Emblazoned in bold letters across red, white and blue, high a-top the aircraft carrier USS Abraham Lincoln, a now infamous banner declared 'Mission Accomplished' as President George W Bush proudly asserted that American operations had ended in Iraq, on May 1, 2003.
Ten years after the highly controversial banner flew off the San Diego coast, bombs are still exploding in cafes, bus stops, mosques and residential neighbourhoods across Iraq. This week alone, 200 people have died in the sectarian strife engulfing the nation since the fall of Sadaam Hussein.
In a report published by War Child, called "Mission Unaccomplished", Iraq has gone from being among the most ‘hospitable places’ for children in the Middle East and North Africa, to being one of the most hostile: with 100 infants dying every day, equivalent to 35,000 infants dying before they reach their 5th birthday.
US Defence Secretary Donald Rumsfeld later said he had taken care to remove any use of the phrase "Mission Accomplished" in Bush's speech itself. He told journalist Bob Woodward in 2006: "I was in Baghdad, and I was given a draft of that thing to look at. And I just died, and I said my God, it's too conclusive. And I fixed it and sent it back... they fixed the speech, but not the sign."
Professor Anatol Lieven, from Kings College London, said he now feels "nausea" looking at images of the decade-old banner, which hung as Bush announced the end to major combat operations in Iraq.
"Iraq remains a deeply troubled and divided society, at continuous risk of falling into civil war, which has appalling consequences for the whole region," he told HuffPost UK.
David Reeths, director of consulting at IHS Jane's, said that the banner had actually been an attempt to convey a specific military term, "major combat operations", had finished in Iraq. "The failure was giving the impression that the entire mission had ended, that the US could walk away from extensive involvement in Iraq, which was absolutely untrue. It was far from over.
"What was to come would cost a lot more in blood and treasure than the Bush administration had ever conceived at that point."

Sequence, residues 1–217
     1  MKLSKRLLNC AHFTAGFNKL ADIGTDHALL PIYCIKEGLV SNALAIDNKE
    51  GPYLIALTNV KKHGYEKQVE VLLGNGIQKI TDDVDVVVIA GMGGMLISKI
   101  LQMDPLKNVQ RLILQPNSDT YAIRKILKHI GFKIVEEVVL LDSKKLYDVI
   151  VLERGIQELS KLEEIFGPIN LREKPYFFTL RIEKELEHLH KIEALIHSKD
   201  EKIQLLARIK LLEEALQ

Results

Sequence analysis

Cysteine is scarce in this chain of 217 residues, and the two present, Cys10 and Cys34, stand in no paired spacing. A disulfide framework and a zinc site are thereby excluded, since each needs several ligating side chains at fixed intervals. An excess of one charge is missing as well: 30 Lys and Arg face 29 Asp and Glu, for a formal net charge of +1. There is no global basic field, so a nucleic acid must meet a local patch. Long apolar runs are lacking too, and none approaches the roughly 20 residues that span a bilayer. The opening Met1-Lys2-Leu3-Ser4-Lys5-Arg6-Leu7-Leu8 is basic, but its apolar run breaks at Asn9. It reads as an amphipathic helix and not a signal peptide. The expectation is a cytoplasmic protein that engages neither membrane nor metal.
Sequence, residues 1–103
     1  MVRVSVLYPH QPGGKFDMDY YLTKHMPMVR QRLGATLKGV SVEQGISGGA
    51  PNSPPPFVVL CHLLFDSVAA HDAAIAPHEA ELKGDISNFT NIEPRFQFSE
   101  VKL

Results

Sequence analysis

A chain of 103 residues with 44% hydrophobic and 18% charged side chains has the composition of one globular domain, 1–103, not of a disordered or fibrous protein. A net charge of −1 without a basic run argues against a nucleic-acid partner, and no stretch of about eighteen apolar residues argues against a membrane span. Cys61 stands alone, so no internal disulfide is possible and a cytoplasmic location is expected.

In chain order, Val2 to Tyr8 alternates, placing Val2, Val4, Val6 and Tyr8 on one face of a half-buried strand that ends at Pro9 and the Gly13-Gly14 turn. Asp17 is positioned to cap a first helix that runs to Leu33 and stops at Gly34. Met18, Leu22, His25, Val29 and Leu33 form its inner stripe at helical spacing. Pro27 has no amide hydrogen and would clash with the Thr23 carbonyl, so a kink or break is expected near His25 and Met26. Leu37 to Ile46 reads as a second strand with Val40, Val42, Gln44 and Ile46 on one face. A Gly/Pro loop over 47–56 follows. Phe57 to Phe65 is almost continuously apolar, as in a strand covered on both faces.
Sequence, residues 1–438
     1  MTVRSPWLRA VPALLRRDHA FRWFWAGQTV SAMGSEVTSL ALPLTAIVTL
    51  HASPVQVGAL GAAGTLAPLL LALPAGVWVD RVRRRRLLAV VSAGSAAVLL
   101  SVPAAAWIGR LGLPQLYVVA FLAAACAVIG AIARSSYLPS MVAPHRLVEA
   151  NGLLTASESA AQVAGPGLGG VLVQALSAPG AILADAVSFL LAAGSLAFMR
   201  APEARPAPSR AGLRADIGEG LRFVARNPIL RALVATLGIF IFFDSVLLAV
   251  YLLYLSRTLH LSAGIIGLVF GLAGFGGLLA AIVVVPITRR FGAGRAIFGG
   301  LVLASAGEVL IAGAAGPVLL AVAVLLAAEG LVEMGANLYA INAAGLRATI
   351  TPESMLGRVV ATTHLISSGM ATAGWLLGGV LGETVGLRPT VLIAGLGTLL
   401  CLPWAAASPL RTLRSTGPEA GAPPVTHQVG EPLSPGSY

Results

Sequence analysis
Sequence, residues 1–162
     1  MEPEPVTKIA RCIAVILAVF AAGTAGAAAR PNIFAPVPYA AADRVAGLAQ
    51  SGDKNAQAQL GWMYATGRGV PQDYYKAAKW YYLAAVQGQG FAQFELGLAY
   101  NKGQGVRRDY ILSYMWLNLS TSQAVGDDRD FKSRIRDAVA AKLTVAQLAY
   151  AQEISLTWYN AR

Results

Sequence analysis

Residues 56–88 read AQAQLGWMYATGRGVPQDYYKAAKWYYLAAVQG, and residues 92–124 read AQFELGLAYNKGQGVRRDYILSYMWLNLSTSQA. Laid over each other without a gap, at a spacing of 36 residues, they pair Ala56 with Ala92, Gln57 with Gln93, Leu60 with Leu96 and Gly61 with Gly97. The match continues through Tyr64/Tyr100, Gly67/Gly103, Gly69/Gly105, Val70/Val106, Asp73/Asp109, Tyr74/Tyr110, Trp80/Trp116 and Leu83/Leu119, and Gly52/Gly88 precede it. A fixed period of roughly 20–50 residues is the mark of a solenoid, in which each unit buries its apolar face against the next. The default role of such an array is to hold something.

As well as ongoing violence and political struggles in post-war Iraq, the US even damaged its own military reputation, according to Professor Lieven. "Iran no longer has any reason to fear a US invasion. No-one believes now that the US and Nato can invade and occupy anything, or at least, nothing bigger than a tiny country like Kosovo. That has done appalling damage."
Professor Lieven, the author of Pakistan: A Hard Country, said the Iraq war had had a deep psychological impact on Muslims all over the world. "It is impossible to quantify, but in the 18 months or so since 9/11, I found most Muslims in Pakistan, which I know best, generally accepted Al Qaeda had carried out the attack and had been based in Afghanistan, and that the invasion had some justification.
"Since the invasion of Iraq, I would say with no exaggeration, among Muslim Pakistanis, even in Britain, even among the most educated, around 99% of the population is now convinced that 9/11 is a CIA-Israeli plot. And when you try point out that is poisonous idiocy, they point out Bush lied about weapons in Iraq. And after that, you've already lost the 10 second rule of argument, as you try and explain the different logics."
Lisa Aronsson, a research fellow at the Royal United Services Institute, said she believes there was certainly "progress made on counter terrorism" since Iraq. "But the security landscape has been completely transformed, after Iraq and post-Arab Spring, since 2003."
"America is facing a much more difficult security environment now, exacerbated by the failure to understand the resources it needed to get any semblance of success in Iraq," Reeths said.
"The world is a much more complex place, threats in Syria, instability in North Africa, reduced but significant threats from jihadists, but also territorial disputes in East Asia, the growth of China in terms of soft and military power, the nuclear growth of Iran, the potential for a nuclear arms race in the Middle East, and a potential nuclear North Korea."
One legacy of the infamous banner has been a shift in the bombastic rhetoric which rang forth from the Bush administration.
"The US has made a direct shift in tone, one of the reasons Obama won the Nobel Peace Prize," Reeths said. "The US has to now strike a balance to not be too militaristic but also pose an effective deterrent. Obama has shifted away from the Bush's administration's 'stick' to giving out carrots, as well as carrying a stick."